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Vietnam Welcomes Record Number of Foreign Tourists in 2017: GSO

Last year was a good year for Vietnam's tourism industry.

According to the General Statistics Office, foreign visitors to Vietnam increased 29.1% in 2017, reaching an all-time high of 12.9 million. The numbers are a positive development after the local tourism sector experienced 13 straight months of decline between 2014 and 2015. And as it looks to reach its goals of welcoming 17-20 million foreign visitors in 2020 with annual tourism revenues of US$35 billion, the country is searching for solutions to the nation’s repeat visitor problem.

Korean travelers contributed significantly to the rise in tourism. During the first nine months of the year, more than 1.7 million Korean visitors arrived, a 51% increase over the past year, according to VietnamNet. While their numbers dropped slightly, Russians also constitute a significant percentage of tourists in addition to vacationers from Europe, China, South America and the US.

Despite the good news, the future of Vietnam’s tourism industry remains uncertain. It’s been estimated that at least 70% of tourists fail to make return trips. Last year Deputy Prime Minister Vuong Dinh Hue asked tourism agencies to solve robbery, petty crimes, traffic accidents and service quality issues. Unfortunately, these nuisances persist, along with visa hassles, pushy vendors, inadequate road conditions, pollution and food hygiene concerns that threaten to ruin visitor’s experiences.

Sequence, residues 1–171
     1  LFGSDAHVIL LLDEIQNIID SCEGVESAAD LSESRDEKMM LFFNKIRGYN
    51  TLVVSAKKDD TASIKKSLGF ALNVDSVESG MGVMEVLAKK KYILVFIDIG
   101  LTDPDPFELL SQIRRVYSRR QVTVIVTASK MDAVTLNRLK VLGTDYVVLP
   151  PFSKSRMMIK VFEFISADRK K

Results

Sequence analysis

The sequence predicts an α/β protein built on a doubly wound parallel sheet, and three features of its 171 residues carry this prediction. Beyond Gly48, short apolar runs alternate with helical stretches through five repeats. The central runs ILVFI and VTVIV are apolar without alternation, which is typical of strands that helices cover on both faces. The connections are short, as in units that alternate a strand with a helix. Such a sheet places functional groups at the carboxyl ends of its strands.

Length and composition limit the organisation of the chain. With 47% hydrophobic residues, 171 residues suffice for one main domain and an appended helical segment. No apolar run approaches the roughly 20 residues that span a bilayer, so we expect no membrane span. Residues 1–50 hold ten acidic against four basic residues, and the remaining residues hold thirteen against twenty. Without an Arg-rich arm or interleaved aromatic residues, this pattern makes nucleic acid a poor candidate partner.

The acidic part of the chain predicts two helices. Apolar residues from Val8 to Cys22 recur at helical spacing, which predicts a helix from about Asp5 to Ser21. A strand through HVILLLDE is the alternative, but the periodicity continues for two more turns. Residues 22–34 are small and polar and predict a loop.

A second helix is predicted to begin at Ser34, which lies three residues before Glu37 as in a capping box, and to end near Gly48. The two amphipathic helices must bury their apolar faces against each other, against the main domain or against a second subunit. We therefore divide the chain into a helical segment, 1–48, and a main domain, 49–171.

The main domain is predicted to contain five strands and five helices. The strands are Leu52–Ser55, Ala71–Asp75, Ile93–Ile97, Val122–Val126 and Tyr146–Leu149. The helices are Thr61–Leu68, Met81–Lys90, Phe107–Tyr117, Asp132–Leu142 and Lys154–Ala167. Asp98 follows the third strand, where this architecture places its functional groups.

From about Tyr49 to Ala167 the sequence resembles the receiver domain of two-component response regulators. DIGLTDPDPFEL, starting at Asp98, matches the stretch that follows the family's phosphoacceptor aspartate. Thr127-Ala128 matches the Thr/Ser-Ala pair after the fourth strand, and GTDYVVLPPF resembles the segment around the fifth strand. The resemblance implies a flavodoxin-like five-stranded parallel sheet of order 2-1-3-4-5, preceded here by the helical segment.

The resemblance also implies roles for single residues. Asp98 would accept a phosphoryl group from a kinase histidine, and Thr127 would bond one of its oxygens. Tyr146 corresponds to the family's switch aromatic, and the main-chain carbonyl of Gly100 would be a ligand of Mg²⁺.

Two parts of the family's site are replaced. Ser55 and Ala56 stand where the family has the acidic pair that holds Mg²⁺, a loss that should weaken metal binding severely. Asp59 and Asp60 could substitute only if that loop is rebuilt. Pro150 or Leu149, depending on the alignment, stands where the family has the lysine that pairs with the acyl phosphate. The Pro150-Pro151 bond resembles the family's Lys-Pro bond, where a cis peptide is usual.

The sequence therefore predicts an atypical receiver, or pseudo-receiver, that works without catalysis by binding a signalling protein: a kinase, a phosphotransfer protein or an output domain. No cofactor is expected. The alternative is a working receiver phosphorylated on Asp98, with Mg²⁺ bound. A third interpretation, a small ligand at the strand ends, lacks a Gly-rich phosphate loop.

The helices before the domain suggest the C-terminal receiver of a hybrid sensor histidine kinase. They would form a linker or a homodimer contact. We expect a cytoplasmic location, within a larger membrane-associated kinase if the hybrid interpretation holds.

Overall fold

Any progress, according to Head of the Vietnam National Administration of Tourism Nguyen Van Tuan, will require cooperation between the Vietnam National Administration of Tourism, the transport sector, the police and local governments. Ken Atkinson, chairman of Grant Thornton and vice chairman of the Vietnam Tourism Advisory Board, added that that the main reason for the low return rate is that unlike Thailand or Indonesia, tourists do not see Vietnam as a family holiday destination. He suggested that it should have more amenable visa procedures and more activities for family recreations and better infrastructure.

Vietnam has already been making quantifiable efforts to improve foreigners’ stays, however. Measures include expanding the local public WiFi network and removing night time curfews. Forbes announced a recent proposal for a modest increase of the budget of the Ministry of Culture, Sports and Tourism while Prime Minister Nguyen Xuan Phuc recently approved a project to develop direct air routes between Vietnam and key Asian, European, and American cities to support and bolster tourism.

Moreover, Hanoi’s Department of Tourism has begun offering training classes to residents of frequently visited areas in order to improve visitors’ experiences. Tour operators are pitching in as well by founding and implementing cleaning operations. 

Some of the efforts seem to be working and the country ranked 67th among 136 economies in the Travel & Tourism Competitiveness Report 2017, putting it among the 10 most-improved since 2015.

[Photo via Thanh Nien]

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Tourism Businesses Are Trying to Clean up Vietnam

Vietnam Seeks to Improve Tourism Image Amid Poor Return Visitor Figures

Mai Chau: A Delicate Balance of Mass Tourism and Independent Travel

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